Since the 2017 All Star Break, Vargas has a 5.30 ERA with opposing batters hitting .264/.334/.472 off of him. He has walked 3.5 per nine, and he has averaged 4.2 innings per start over that stretch. No matter how you want to manipulate or massage those stats, that’s not good, and it is not befitting the production you need from a fifth starter.
His pitching that way really hurt the Mets early in the season. It caused them to go to the bullpen much earlier, and it was one of the biggest reasons why the Mets bullpen was so taxed early in the season. It is not even about the Mets being under .500 in his starts over the first few months, it was about the lasting effect on the team.
The counter-argument many will have is Vargas has been much better of late. To that point, over his last six starts, he is 3-2 with a 4.46 ERA and a 1.165 WHIP. In a vacuum, that level of production is more than acceptable from a fifth starter. The problem is he’s not going to be able to maintain that level of production.
Over these six starts, Vargas has yielded a .227 BABIP while walking 3.4 BB/9. He is stranding 76.2 percent of batters. This is nowhere near what he is as a pitcher. In his career, Vargas has a .282 BABIP in his career with a 73.1 percent strand rate.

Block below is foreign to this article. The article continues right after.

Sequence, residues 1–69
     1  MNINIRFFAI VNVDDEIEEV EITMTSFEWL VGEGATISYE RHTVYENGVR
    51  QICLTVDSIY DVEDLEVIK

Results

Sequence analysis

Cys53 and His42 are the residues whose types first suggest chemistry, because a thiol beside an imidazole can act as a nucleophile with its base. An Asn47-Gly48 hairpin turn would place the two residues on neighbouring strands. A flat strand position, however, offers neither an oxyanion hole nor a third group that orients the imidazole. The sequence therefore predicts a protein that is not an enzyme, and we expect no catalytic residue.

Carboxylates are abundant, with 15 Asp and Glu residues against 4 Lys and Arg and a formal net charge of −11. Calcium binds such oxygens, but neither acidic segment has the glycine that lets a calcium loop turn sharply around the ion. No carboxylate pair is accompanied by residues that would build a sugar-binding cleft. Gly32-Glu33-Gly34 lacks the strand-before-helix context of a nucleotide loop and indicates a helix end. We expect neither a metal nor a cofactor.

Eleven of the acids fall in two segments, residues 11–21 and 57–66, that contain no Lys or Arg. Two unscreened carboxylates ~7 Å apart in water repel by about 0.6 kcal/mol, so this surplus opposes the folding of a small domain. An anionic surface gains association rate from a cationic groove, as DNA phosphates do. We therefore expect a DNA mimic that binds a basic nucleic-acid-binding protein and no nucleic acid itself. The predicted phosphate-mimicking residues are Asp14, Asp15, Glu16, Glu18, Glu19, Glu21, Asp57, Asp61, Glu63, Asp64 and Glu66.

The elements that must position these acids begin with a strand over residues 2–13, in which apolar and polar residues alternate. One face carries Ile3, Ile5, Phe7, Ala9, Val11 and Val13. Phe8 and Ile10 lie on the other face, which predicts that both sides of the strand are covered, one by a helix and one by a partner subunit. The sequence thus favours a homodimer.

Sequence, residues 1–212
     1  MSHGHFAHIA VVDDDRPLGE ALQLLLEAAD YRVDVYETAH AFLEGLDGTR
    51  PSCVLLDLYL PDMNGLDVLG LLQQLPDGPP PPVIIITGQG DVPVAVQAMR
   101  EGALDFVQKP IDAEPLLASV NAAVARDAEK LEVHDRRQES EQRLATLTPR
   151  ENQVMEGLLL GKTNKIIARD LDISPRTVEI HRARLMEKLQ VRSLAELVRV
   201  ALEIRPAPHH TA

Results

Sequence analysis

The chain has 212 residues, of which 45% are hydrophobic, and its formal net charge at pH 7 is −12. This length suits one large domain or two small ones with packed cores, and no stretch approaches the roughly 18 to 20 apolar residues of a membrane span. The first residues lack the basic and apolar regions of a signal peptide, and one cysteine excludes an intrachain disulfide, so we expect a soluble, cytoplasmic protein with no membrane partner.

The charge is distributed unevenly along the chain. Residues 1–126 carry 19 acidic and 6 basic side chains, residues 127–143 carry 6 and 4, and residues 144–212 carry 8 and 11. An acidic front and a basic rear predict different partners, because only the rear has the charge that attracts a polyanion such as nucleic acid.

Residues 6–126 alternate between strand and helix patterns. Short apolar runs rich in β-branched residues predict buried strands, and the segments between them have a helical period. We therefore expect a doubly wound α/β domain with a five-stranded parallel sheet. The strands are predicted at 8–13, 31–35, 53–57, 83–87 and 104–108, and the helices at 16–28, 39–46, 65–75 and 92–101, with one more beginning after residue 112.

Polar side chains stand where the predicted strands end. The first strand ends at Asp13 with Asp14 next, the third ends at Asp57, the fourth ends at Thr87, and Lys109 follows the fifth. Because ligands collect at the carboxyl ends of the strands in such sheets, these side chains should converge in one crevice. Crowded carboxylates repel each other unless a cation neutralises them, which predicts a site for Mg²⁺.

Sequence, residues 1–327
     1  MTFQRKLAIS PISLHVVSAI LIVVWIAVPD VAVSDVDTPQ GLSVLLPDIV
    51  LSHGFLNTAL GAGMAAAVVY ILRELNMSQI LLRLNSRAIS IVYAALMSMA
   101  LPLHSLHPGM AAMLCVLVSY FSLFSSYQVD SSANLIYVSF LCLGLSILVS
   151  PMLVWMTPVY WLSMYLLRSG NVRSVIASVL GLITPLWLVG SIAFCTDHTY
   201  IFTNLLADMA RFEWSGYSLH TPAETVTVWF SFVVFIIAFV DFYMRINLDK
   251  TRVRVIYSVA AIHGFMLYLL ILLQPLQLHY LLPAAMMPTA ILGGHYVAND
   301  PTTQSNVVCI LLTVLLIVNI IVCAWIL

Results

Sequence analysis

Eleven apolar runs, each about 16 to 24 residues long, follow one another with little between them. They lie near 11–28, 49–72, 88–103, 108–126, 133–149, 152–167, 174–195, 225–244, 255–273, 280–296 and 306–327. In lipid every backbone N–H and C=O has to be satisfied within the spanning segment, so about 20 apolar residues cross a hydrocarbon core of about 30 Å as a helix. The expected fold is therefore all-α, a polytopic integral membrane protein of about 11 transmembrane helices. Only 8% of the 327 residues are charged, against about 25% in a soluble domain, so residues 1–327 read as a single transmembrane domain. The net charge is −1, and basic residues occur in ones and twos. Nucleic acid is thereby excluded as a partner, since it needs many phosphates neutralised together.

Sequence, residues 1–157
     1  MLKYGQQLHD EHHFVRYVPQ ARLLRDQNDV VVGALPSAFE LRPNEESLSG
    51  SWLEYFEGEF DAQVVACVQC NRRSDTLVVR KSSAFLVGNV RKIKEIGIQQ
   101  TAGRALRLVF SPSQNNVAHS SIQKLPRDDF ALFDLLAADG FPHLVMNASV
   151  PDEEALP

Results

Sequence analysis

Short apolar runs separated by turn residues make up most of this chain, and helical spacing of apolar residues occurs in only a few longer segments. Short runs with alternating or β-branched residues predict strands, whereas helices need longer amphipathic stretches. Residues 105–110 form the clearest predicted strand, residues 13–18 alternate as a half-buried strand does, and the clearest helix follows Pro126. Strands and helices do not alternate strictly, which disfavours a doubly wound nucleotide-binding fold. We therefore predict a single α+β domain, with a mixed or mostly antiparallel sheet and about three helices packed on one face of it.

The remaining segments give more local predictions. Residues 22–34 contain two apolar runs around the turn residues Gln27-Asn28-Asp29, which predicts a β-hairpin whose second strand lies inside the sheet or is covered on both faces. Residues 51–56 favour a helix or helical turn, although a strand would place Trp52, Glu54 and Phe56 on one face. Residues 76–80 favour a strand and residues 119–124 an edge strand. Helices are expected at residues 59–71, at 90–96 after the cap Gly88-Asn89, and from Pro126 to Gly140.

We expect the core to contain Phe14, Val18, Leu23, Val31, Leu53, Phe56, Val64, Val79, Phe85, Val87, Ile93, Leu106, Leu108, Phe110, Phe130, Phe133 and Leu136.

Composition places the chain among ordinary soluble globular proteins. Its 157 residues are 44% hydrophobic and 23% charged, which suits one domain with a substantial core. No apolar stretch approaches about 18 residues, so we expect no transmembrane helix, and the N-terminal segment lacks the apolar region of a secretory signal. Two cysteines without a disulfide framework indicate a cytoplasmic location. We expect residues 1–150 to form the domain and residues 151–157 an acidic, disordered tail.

When you stablize his current BABIP and LOB% to his career norms, you get the pitcher you saw in 2018 and the first few months of this season. Put another way, you are getting a bad pitcher who you need to take out of the rotation. By trading Vargas now, they’re doing just that. They’re getting the bad pitcher out of the rotation now.
Even better, they’re dumping him on the Phillies. If you want to make that miracle run to the Wild Card, weaken one of your top competitors. While a small sample size, he’s allowed batters to hit .250/.362/.563 off of him in four starts there. It’s part of the reason he has a 6.23 ERA at that ballpark. Ultimately, he should prove to be a nightmare for the Phillies over the final two months of the season.
When you break it down, Vargas isn’t good, and every team knows it. None of them are going to buy in on six starts fueled by unrepeatable peripherals. Given what we know and have seen, the Mets were always going to have to salary dump him. They were lucky they found a team.
Really, if you want to criticize the deal it is taking on a complete non-prospect who was a former collegiate teammate of Jeff Wilpon’s son. Looking at that, it looks more like a favor to a friend than an actual baseball move. An actual baseball move here would have been to identify someone at the lower levels of the minors who had potential like the Rays did when they obtained Neraldo Catalina for Wilmer Font or the Brewers did when they got Felix Valerio in the Keon Broxton deal.
Ultimately, that is the result of the Mets not scouting those levels of the minor leagues. If you want to criticize the Mets for that, you absolutely should. Their actions on that front are indefensible. However, their actions salary dumping Vargas are eminently defensible as they are a better team without him, and the Phillies are worse off with him.